Insert row or column – Navigate to the Layout tab. Click on Insert Below/Insert Above to add a row. Click on Insert Left/Insert Right to add a column.
Delete row or column – Navigate to the Layout tab. To delete the selected row, click on Delete – Delete Rows. To delete the selected column, click on Delete – Delete Columns.
Alignment – To adjust the position and alignment of text, navigate to the Layout tab. Select the needed cells and choose an option from the Alignment group.
Merge – Cells can be merged or split up. To do so, navigate to the Layout tab and find the Merge Cells/Split Cells option.
Convert text to a table (and vice versa) – Make sure that the data in the text is separated. Use commas or tabs to indicate where to divide into columns and paragraphs to indicate rows. Pick the text you wish to convert into a table, then click Insert – Table – Convert Text to Table. Adjust the options in the dialog window. If you want to convert a table back into text, select the information first. Navigate to the Layout tab and in the Data group, click on Convert to Text.
Autofit – – Automatically adjust the size of your table. Go into the Layout tab and click on Autofit. Select the option that works best for your needs.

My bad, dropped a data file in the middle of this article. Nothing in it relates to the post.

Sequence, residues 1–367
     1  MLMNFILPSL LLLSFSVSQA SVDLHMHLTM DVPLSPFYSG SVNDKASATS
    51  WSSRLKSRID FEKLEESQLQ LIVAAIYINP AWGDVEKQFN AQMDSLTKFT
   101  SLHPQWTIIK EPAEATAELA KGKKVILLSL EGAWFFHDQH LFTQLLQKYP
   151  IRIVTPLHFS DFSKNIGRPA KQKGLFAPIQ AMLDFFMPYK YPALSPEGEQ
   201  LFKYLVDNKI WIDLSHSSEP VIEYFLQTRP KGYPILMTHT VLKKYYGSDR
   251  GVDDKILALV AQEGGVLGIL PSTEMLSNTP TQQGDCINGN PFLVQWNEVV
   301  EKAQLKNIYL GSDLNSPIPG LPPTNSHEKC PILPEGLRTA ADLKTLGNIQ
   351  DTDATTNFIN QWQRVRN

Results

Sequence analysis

Table Tools Design Tab
After you finish with the content and the layout of your table, you can change its design. Spending time on this may not be in your plans. However, the right design can raise your work to the next level.
Here, you can check a description of the design features for your table.
4. How to Format: 10 Critical Rules
Every educational institution has its requirements for the formatting of text documents. You can find out how to work with a variety of styles. There are precise guidelines for such popular formats as MLA, APA, and Harvard on different websites.
Here, see the ways you can format text in Word:
Create lists. You can either make a bulleted style list or a numbered list. Find the Paragraph group in the Home tab. You will find three Bullets buttons: a bulleted list, a numbered list, and a multilevel list. Browse through the style gallery and select one.
Align paragraphs. Select a paragraph. Click on the alignment option in the Paragraph group in the Home tab. Any section of your text can be left-aligned, center-aligned, or right-aligned.